When selecting a health IT (HIT) system, several stakeholders should be involved to work collaboratively for the success of the exercise. According to Nelson and Staggers (2018), any form of HIT initiative requires the close coordination of various players to ensure that all health-related data are managed well and patient privacy is protected to enhance service delivery. The following are the stakeholders that are involved in the selection of a HIT system – Board members, chief executive officer, chief financial officer, chief medical officer, medical department leaders, clinicians, office managers, billing department, and front office staff members.
We will write a custom Essay on The Selection of a Health IT System specifically for you
807 certified writers online
Goals and Interests
Clinical Goals (Chief Medical Officer, Medical Department Leaders, and Clinicians)
Chief medical officer and medical department leaders have shared clinical goals and interests. They are important to this selection process because they offer useful clinical advice and insights concerning how the HIT system should be operated. They give their input and feedback from a leadership perspective by raising all pertinent issues upfront. Specifically, these stakeholders are concerned with the hospital’s needs together with how the proposed system would affect the overall organizational mission and vision. On their part, clinicians play a central role in the selection of a HIT system because they are involved in its day-to-day usage to facilitate decision-making for quality and timely service delivery to patients (Van de Wetering, 2018). Therefore, they know which system would be most suitable to address the underlying needs to ensure that patient needs are addressed comprehensively for improved care provision. Given that clinicians are mainly the end-users of HIT systems, their feedback and input are invaluable.
Operational Goals (Office Managers, Front Office Staff, and Billing Department)
For any HIT system to work effectively, office managers, front office staff, and those working in the billing department should be involved. Office managers and front office staff are the first individuals to engage patients when they visit a healthcare setup. Therefore, the input of these stakeholders is important, as they know the nature of problems that should be addressed by the HIT system. Their goal is to ensure that the system facilitates quick and easy customer service, especially when taking the initial patient information and entering it into the system. Similarly, the billing department is involved to ensure that the proposed system integrates functions that support the billing process. For instance, the HIT should be robust enough to link with the various health insurance companies and different payer systems available in the market.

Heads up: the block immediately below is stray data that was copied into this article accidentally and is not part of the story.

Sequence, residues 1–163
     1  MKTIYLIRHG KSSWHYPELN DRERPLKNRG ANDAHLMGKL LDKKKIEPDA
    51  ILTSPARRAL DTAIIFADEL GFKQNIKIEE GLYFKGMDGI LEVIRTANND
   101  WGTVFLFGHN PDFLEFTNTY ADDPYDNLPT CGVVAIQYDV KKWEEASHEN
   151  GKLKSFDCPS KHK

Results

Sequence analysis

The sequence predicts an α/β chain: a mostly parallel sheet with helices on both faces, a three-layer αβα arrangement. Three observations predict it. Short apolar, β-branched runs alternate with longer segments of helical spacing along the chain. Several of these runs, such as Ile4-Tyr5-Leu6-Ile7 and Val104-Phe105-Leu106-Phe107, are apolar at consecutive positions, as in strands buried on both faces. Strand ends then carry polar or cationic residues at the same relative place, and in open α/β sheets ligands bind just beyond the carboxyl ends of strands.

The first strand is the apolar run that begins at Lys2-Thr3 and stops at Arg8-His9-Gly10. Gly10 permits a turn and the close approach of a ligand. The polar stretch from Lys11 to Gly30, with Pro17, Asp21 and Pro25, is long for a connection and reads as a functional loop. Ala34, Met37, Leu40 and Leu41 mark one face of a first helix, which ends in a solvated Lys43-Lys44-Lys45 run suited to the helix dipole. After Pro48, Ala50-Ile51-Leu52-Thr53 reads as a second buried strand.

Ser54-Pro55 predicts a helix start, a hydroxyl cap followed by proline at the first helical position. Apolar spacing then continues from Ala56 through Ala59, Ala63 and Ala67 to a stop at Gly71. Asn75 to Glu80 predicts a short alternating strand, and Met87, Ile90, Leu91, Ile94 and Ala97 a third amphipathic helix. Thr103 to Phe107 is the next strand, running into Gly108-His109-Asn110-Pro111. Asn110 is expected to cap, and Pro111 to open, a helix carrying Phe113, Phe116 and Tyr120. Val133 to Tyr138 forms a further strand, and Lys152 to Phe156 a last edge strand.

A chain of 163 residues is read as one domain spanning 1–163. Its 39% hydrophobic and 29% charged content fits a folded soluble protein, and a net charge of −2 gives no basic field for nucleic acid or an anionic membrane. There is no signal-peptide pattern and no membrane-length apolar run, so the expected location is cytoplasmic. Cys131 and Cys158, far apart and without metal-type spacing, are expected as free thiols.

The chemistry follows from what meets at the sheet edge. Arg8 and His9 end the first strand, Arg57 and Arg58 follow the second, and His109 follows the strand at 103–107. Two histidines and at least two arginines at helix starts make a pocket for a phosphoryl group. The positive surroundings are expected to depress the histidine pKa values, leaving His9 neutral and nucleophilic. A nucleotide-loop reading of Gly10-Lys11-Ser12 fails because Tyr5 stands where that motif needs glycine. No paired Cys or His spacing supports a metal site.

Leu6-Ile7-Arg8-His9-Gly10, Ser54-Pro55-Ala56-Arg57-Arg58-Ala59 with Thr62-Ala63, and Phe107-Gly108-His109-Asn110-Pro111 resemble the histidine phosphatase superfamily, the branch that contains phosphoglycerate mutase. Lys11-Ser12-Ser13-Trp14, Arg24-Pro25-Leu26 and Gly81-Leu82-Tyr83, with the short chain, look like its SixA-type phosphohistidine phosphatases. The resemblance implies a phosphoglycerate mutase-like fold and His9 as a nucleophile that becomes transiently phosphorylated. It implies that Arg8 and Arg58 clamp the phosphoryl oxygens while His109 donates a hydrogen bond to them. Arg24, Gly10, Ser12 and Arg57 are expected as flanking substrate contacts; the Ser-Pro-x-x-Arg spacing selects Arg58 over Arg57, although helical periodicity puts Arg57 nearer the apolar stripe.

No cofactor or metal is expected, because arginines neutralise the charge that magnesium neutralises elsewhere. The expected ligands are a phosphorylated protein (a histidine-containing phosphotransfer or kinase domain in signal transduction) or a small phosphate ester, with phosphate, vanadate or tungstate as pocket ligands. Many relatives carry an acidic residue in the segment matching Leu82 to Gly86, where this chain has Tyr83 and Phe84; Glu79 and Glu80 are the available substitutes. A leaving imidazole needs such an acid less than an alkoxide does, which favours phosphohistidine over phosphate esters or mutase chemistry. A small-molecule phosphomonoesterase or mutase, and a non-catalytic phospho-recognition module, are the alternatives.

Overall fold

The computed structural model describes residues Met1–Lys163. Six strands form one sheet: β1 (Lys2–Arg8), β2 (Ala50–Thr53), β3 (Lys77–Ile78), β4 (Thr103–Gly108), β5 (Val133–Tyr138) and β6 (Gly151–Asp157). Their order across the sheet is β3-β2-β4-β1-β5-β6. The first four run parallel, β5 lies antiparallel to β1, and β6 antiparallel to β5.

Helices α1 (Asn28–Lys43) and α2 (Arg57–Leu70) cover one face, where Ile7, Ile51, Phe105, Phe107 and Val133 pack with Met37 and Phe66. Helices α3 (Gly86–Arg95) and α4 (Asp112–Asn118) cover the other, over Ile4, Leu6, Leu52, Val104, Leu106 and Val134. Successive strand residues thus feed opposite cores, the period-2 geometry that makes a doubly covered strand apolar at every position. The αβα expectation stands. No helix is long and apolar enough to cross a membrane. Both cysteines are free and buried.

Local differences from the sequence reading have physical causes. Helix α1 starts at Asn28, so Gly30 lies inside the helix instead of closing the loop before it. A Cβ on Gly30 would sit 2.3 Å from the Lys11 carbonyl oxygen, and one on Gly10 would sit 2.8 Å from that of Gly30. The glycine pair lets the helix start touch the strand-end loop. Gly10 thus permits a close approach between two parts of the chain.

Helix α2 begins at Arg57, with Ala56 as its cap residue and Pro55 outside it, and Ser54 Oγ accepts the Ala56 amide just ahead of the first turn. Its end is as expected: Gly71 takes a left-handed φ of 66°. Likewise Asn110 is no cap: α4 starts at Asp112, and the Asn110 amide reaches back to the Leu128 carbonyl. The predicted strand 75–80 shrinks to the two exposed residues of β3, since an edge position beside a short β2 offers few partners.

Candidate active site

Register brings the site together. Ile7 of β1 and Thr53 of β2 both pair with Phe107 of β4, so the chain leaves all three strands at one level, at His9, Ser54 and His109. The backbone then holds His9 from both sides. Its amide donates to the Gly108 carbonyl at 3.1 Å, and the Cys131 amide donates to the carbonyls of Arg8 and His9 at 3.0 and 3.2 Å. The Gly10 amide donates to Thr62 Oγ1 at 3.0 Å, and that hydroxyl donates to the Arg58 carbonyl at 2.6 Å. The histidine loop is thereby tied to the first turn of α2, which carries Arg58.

Financial Goals (Board Members, Chief Executive Officer, and Chief Financial Officer)
The selection and implementation of any HIT system require a substantial amount of resources, and thus the management plays a central role in the process. The main goal of this group of stakeholders is to gauge the ability of the facility to finance the implementation of the selected system. Additionally, these stakeholders are focused on how the system would improve service delivery and affect the overall financial well-being of the hospital. Overall, this team ensures that the HIT system has a good return on investment and improved performance of all sectors in the organization.
The selection of a HIT system should involve all key stakeholders working as a team to make the right decisions for the improvement of service delivery, patient satisfaction, and safety. The different stakeholders pursue clinical, operational, and financial goals for the overall performance of the healthcare facility. The key stakeholders include medical officers, the chief executive officer, front office staff members, and clinicians among others as highlighted in this paper.
Nelson, R., & Staggers, N. (2018). Health informatics: An interprofessional approach (2nd ed.). Elsevier.
Van de Wetering, R. (2018). IT-enabled clinical decision support: An empirical study on antecedents and mechanisms. Journal of Healthcare Engineering, 1–10. Web.